The Real Modern Struggle: Democracy and Authoritarianism

by Mindy Clegg at 3 Quarks Daily: The Cold War ended somewhere between 1989 and 1991 or if you take the disintegration of Yugoslavia into account, maybe into the 2000s. It is now seen as the end of an era, a closed loop in history. It started with the Communist revolution in 1917 and ended with the end of one-party communist rule in Eastern Europe. The dissolution of the Soviet Union especially signaled the end of the debate about the two supposedly opposing economic systems. The argument goes that communism as practiced in the second world proved unable to keep up with the productive capacity and flexibility of the western capitalist systems, which (many believed) were underpinned by truly democratic norms.

But what if it’s not the struggle between capitalism and communism that was really at the heart of the twentieth century, but was really a more expansive struggle within the world system that developed since the sixteenth century? What if we’re still in the midst of it? I argue that there was a deeper conflict rooted in the debate over who gets to decide how our societies function. This struggle reaches back to the past and shapes our present. We can see this deeper struggle within the communist-capitalist conflict, as that narrative allowed the US and the Soviet Union to double-down on various bad-faith actions with regards to either their own populations or their actions abroad. The fight is between democracy and authoritarianism, the people and the powerful. Democracy clashed with the authoritarian reactionary forces since before the age of revolutions, making the Cold War merely a part of a larger dialectical discourse of the modern world.

Beginning with the age of revolutions a phrase popularized by Eric Hobsbawm, kicked off by the American, French, and Haitian revolutions, we can see a shift in the history of political structures around the world. This was in part a byproduct of the developing capitalist economy unleashed by the brutal colonization of the Americas (and later the rest of the world) by Western Europeans. But we can see the struggle for greater freedom and democracy in the development of the Atlantic world during the eighteenth century. Historian Angela Sutton argued in her book that enslavement in North American came to look the way it did because of the British empire’s successful attempts to end pirate attacks on officially sanctioned slave ships. The British navy’s defeat of Black Bart off the west African coast in 1722 allowed the the British to dominate the slave trade in the Atlantic. That meant their race-based interpretation of unfree labor became the norm for slavery in North America and later the United States. We still live with those consequences today, she correctly concluded.1 But this was also about labor on British ships, similar to how the development of the sugar trade in the Caribbean shaped labor in England, as Sidney Mintz argued.2 Pirate ships were often more diverse and even freer places compared to ships operating under official imperial flags. Joining one could be seen as “voting with one’s feet.” We should not gloss over the violent and bloody actions of pirates, but a level of democratic practice existed in comparison to imperial ships. Many men and some women found themselves willing to give up their sanctioned labor for the pirate life, despite the obvious risks. It is important to note that these pirates also often participated in the slave trade. Yet, plenty saw their defection to piracy in terms of labor, leaving a low-paid job full of abuse, to a place that offered some opportunity for building some personal wealth.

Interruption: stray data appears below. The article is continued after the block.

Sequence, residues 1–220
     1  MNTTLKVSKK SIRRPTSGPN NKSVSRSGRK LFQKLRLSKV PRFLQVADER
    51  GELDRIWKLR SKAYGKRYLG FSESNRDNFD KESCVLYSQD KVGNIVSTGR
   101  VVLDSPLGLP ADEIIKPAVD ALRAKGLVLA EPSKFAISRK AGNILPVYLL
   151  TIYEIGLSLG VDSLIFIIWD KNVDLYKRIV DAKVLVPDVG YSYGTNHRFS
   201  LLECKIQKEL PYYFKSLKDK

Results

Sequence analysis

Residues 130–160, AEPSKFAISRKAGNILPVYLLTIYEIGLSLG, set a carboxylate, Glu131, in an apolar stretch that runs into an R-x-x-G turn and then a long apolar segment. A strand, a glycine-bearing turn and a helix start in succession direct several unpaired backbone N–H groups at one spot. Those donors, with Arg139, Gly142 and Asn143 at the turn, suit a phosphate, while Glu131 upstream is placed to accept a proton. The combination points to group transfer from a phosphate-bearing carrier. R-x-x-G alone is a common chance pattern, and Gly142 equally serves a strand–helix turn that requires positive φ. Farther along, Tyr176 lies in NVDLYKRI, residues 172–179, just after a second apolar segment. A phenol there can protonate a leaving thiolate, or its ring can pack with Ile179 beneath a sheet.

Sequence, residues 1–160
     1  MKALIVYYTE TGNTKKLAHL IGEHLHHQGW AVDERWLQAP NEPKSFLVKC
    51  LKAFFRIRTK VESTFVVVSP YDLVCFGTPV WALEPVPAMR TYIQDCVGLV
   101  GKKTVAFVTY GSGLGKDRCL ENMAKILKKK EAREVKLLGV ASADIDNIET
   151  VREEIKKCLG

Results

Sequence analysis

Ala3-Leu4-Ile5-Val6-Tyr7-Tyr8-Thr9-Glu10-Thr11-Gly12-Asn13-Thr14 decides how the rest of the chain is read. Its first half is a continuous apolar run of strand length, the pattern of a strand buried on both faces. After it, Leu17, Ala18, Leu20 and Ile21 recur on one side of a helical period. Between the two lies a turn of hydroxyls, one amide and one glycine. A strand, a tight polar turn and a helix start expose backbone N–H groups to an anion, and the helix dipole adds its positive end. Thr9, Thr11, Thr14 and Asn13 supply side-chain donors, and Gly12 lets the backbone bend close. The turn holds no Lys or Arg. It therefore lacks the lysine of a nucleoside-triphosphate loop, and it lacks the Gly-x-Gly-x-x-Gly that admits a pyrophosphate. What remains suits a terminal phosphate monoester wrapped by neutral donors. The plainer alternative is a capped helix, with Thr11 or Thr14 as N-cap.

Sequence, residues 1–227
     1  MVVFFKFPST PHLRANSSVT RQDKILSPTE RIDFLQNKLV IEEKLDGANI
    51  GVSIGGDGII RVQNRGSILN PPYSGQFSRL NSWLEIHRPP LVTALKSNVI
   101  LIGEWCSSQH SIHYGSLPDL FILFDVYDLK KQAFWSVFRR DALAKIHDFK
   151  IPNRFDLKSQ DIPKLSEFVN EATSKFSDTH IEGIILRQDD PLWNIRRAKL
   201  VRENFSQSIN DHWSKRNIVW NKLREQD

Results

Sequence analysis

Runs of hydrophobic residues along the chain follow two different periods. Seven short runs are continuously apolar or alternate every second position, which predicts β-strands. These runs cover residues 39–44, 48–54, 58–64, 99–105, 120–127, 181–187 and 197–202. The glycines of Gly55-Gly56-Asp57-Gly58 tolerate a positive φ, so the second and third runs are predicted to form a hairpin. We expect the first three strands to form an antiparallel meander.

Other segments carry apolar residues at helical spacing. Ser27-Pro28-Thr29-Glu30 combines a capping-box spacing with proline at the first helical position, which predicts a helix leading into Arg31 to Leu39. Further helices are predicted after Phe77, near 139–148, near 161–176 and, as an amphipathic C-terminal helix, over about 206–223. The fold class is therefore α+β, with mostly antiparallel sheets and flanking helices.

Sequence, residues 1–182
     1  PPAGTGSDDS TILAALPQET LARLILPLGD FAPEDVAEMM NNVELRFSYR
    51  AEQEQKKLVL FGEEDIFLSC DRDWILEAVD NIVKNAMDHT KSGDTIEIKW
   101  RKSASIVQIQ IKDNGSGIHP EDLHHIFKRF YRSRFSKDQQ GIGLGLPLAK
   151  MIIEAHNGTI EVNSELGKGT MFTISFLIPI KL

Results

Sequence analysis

Another example of a grassroots attempt to assert the people’s rights happened during the Luddite uprisings in the early nineteenth century. That event calls the typical teleological interpretation of the development of the modern world into question, casting the emergence of the modern, technologically driven economy as one of a fight for greater rights for working people. New technologies are not always about freeing up workers, but often about freeing up profits by devaluing labor. In Brian Merchant’s book about the Luddite uprising, he drew parallels between then and the computing sector today. He noted how leaders in the tech industry seek to devalue labor via automation. In doing so, Merchant explicitly argued that both are not examples of technology improving our lives, but represent an ongoing struggle for greater democracy and labor rights.3 Although in modern parlance, being a Luddite means to irrational oppose technology, the actual Luddites had a very good reason to oppose the new technologies being adopted by the wealthy factor owners. The new means of mass-producing textiles were meant to replace their deeply skilled labor with unskilled workers (women and orphans, often) who could be underpaid and abused. The uprisings were a democratic movement aimed at preserving specific rights for workers. Much of the current labor struggles continue to mirror these uprisings of the early industrial economy, including in the tech sector. Many CEOs laud the rise of AI because they feel it can replace skilled, highly paid tech workers, a point often ignored in our discussions around these LLMs. Labor struggles around technology is an important historical thread to follow.

What about the communist world?

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